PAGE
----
Diabetes appears to be primarily a deficiency of the pancreas. Yet our body's internal feedback system is so complex that, when modern allopathic medicine prescribes a drug for one problem, it causes a myriad of other complications, some worse than the original symptoms. Hatha yoga is a body balancing system. Its therapeutic application utilizes the body's power to generate its own medicines that have no negative side effects. Therapeutic hatha yoga may be considered as complementary medicine, adjunctive to modern allopathic medicine.
Since stress further complicates diabetes, the calmative effects of performing hatha yoga and the specific practice of Savasana (Dead Body Pose) at correct intervals also contributes to the reversal of this so-called chronic, incurable disease. And when certain other postures, such as Trikanasana (Triangle Pose), or Tuladandasana (Balancing Stick Pose) are applied in the therapeutic manner, aerobic conditioning occurs, eliminating the need for other exercise forms as therapy. Since hatha yoga improves flexibility and overall muscle tone, however, most everyone finds their overall athleticism improved. Additionally, age is no barrier. Though many diabetics find it difficult, if not almost impossible, to maintain a regular exercise regimen as they grow older, they are still able to maintain an effective therapeutic hatha yoga regimen.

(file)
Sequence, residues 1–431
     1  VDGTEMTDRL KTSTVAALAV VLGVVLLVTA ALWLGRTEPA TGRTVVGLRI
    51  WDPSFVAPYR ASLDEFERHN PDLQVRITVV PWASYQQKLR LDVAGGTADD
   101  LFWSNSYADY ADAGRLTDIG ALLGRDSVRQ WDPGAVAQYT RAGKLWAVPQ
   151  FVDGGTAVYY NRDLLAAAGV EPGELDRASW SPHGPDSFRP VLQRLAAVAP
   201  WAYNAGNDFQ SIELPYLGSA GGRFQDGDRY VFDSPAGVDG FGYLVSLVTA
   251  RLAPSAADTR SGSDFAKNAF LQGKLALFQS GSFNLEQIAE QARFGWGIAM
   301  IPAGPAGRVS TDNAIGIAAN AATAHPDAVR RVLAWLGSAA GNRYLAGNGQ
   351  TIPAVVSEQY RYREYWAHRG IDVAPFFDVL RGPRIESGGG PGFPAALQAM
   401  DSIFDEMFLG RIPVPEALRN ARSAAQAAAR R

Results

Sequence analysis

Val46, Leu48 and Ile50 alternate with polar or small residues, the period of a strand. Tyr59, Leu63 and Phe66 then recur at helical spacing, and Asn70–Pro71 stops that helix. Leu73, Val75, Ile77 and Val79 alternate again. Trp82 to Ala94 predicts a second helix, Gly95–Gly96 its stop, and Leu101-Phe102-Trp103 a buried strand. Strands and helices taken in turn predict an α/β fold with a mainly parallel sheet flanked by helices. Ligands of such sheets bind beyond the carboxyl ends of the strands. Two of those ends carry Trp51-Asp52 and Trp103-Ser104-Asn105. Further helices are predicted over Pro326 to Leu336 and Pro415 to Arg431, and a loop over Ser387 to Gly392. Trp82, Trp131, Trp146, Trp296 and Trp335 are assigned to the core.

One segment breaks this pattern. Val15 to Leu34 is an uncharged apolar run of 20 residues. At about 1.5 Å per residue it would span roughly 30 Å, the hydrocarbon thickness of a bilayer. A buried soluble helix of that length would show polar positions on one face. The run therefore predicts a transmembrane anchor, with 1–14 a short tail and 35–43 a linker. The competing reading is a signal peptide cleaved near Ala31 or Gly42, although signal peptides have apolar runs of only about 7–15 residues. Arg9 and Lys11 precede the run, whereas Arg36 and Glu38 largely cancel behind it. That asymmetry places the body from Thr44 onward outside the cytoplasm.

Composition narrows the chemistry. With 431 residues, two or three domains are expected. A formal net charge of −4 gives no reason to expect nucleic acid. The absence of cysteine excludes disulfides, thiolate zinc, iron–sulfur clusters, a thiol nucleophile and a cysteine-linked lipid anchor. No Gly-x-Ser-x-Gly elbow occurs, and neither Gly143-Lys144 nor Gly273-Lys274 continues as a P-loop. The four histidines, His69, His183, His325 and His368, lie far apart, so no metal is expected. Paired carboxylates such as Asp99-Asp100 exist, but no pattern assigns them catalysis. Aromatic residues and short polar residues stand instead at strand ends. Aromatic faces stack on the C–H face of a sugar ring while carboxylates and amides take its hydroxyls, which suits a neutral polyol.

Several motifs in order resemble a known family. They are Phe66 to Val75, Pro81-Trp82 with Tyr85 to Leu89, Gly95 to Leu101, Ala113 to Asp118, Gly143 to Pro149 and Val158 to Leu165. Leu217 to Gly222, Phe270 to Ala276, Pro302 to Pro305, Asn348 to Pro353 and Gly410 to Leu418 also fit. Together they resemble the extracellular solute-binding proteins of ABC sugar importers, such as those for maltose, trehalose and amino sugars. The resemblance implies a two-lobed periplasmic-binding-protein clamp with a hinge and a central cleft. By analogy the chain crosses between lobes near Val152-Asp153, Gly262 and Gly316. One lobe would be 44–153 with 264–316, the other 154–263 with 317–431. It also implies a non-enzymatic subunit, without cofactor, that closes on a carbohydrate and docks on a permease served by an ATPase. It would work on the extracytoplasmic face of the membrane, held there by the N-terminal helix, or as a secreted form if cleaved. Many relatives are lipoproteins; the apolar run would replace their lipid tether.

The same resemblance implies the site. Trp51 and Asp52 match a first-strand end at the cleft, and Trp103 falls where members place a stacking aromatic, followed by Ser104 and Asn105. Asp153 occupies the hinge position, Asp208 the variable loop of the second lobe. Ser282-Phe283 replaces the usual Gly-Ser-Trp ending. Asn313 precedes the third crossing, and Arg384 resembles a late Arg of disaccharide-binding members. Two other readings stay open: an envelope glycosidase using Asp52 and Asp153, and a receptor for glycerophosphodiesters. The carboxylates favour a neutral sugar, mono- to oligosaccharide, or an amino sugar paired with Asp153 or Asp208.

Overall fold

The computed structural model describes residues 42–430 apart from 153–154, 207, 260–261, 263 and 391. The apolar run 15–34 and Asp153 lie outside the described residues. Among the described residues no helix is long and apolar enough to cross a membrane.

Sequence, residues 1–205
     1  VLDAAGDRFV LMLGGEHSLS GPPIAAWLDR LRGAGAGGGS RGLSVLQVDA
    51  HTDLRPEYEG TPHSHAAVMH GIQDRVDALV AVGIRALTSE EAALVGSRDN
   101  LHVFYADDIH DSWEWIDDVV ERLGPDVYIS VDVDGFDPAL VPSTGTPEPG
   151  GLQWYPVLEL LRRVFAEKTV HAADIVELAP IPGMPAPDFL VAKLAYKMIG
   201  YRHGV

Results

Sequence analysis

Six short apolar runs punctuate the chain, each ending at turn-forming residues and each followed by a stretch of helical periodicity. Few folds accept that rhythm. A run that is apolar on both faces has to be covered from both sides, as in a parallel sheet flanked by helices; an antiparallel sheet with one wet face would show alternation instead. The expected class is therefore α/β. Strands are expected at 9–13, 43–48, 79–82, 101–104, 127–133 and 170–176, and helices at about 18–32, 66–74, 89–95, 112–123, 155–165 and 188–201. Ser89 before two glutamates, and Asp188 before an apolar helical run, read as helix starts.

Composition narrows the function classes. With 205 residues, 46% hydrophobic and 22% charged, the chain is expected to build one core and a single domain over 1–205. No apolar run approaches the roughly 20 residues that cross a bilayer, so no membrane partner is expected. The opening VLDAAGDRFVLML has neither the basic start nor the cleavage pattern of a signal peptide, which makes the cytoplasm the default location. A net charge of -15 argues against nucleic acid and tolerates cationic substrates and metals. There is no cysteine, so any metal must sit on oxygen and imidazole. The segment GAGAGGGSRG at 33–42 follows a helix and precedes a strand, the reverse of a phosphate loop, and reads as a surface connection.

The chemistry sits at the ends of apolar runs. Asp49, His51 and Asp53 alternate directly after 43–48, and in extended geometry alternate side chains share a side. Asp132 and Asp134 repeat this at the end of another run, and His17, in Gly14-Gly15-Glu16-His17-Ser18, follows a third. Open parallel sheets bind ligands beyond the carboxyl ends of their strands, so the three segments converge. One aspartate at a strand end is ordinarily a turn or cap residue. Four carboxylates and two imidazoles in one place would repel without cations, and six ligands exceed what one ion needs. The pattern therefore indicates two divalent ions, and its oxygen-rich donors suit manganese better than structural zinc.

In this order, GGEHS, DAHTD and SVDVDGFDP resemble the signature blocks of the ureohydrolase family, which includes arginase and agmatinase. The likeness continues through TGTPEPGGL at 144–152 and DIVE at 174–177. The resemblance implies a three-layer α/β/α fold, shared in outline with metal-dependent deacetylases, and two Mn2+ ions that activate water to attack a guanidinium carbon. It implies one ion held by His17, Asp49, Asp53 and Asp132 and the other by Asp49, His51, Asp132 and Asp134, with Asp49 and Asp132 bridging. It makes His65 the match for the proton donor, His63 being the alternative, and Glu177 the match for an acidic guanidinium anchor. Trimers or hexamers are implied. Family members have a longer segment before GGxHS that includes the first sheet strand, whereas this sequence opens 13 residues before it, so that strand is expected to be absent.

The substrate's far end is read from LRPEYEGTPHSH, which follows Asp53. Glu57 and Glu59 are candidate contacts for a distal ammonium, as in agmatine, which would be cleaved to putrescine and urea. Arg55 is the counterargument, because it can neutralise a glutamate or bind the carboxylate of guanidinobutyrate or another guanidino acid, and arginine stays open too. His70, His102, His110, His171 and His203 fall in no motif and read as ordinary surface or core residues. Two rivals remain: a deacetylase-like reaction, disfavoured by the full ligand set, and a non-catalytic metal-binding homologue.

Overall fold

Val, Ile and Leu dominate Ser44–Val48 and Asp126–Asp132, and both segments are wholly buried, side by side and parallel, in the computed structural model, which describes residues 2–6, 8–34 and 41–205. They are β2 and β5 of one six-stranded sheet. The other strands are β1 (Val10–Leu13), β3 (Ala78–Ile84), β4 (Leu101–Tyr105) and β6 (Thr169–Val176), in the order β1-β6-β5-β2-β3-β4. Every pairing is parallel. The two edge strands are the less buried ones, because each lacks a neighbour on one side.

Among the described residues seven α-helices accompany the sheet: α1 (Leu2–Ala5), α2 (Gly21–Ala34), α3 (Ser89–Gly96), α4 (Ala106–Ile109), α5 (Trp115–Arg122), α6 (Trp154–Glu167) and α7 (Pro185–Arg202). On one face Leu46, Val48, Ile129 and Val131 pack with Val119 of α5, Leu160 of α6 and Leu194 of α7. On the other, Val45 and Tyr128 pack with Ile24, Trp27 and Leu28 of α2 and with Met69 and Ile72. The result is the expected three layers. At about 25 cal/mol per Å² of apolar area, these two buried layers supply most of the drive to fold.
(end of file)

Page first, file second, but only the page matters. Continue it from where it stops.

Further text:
The application of therapeutic hatha yoga to reverse "incurable" disease is relatively unknown in the West, but that is changing. Dr. Deepak Chopra, the famous endocrinologist and author of Quantum Healing, combines Western medical technology with ayurvedic medicine. A significant part of his patients' treatment includes this form of yoga. Dr. Dean Ornish, who is famous for his radical techniques for reversing heart disease, states, "Increasing evidence indicates that medications to lower blood pressure and cholesterol prevent or reverse heart disease in only a small percentage of people. These drugs sometimes make people worse." Therapeutic hatha yoga, diet and meditation form the major part of his treatment.